hey guys i had a doubt can someone please explain me why force=mass x acceleration?
F=ma is sometimes looked at as a definition (especially by mathematicians), where it constitutes the definition of force based on measurable quantities mass and acceleration. But according to Thornton and Marion, really when Newton stated this, he meant something physical. I think what Newton really meant, more specifically, was that from an inertial reference frame, objects continue in straight lines unless acted upon by a net force--but the concept of an inertial reference frame isn't defined when you begin to state Newton's laws--so it's kind of a built-in assumption that's hard to avoid. That's why the mathematicians just ignore the physical meaning and take it as a definition.Every body continues in its state of rest or uniform motion in a straight line, except insofar as it doesn't.
Your view is certainly a valid way of looking at things, but it is not the only possible way.The reasoning presented here, viz., that the First and Second Laws are actually definitions and that the Third Law contains the physics, is not the only possible interpretation. Lindsay and Margenau (Li36), for example, present the first two Laws as physical laws and then derive the Third Law as a consequence.
This is not how Newton gave them. See http://en.wikisource.org/wiki/The_M...l_Philosophy_(1846)/Axioms,_or_Laws_of_MotionUsually Newton's first law is considered to be a definition of inertial frames and Newton's second law is considered to be a definition of forces. Once those terms are defined, then Newton's third law is the one that contains the actual physics.
This repeats Newton's own words almost verbatim! In the scholium that follows the Laws, he refers to multiple experiments, particularly by Galileo, that had established these laws.I'm sure the answer is that it's an empirical law. If you apply double the force, you observe the object accelerates twice as much. Do this experiment in enough ways and it's soon fairly convincing that F=ma and not m/a or ma^2 or something weird.
Excellent, then it seems we are not at odds.Your view is certainly a valid way of looking at things
Which is why I qualified my statements with the word "usually".but it is not the only possible way.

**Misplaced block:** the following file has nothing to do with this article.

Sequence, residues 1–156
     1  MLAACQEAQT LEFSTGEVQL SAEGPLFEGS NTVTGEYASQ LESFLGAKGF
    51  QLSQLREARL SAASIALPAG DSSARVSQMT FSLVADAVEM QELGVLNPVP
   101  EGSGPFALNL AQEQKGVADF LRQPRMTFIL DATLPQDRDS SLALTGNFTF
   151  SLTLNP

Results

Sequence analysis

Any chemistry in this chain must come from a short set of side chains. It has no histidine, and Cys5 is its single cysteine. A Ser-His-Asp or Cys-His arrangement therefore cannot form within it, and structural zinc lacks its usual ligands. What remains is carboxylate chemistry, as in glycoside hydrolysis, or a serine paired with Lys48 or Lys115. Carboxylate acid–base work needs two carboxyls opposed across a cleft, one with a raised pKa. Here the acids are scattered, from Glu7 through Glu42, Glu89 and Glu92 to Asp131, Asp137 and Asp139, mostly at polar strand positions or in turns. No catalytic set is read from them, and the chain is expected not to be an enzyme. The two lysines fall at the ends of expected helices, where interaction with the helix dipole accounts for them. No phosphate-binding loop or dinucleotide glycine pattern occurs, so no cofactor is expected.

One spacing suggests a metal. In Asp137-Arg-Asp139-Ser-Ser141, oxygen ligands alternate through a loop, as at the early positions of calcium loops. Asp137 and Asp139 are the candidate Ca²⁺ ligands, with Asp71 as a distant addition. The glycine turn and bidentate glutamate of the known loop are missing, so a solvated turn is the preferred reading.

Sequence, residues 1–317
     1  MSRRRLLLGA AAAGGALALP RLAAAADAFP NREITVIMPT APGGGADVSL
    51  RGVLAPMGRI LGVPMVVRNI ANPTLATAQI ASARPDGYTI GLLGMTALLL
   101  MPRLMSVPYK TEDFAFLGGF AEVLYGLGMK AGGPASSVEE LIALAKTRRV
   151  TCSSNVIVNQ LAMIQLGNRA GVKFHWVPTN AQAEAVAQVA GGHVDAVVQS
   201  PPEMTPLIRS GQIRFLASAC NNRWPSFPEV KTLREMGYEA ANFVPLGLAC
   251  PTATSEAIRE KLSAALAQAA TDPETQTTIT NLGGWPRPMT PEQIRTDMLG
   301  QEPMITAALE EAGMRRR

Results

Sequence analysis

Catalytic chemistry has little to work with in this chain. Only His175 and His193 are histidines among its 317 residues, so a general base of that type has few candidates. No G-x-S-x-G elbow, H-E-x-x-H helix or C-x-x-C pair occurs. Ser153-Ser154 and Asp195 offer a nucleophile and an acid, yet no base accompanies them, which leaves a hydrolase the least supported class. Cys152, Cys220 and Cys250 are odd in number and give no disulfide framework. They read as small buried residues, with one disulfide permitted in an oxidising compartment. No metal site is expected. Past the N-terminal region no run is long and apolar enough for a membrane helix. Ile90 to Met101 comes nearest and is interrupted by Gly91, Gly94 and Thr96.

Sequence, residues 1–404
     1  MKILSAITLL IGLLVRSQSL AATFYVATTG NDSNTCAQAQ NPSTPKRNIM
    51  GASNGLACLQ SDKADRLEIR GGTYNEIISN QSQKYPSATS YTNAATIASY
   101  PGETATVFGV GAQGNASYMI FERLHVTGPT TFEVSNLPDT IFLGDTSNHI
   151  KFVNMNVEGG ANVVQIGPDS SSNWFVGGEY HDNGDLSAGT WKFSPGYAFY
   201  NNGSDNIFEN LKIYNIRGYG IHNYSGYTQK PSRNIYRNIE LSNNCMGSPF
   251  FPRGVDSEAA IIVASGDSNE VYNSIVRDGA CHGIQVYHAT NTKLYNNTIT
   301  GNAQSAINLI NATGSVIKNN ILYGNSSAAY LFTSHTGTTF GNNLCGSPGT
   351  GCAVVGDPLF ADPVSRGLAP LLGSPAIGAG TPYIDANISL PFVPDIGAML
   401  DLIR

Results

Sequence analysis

The problem is: How do we know that we've doubled the force? How else do we measure the force except using [itex]F = kma[/itex] itself? In other words, we're brought back to regarding [itex]F = kma[/itex] as true by definition.I'm sure the answer is that it's an empirical law. If you apply double the force, you observe the object accelerates twice as much. [... ]
This was extensively discussed in earlier threads, such as:hey guys i had a doubt can someone please explain me why force=mass x acceleration?
Experimental prototypes of force are not nearly as reliable as measurements of acceleration or experimental prototypes of mass. So generally it is preferable to take Newton's 2nd as a definition of force, since you can get more accurate results that way than by using an experimental prototype force. Your rather rude assertions notwithstanding.DaleSpam doesn't know what he is talking about. Newton's 2nd law is an empirical relation between force and acceleration, it is not a definition although some people do use it as an operational definition of mass. I can measure force and acceleration seperately and Newton's 2nd law tells me the mathematical connection between the two.
Newton observed, as did Galileo (which is why we refer to the principle as Galilean Relativity), that the laws of physics are the same in a boat moving at constant speed on calm seas as they are on land. In other words, the laws of motion are the same for bodies in all inertial reference frames (frames of reference of a body undergoing no change in motion).hey guys i had a doubt can someone please explain me why force=mass x acceleration?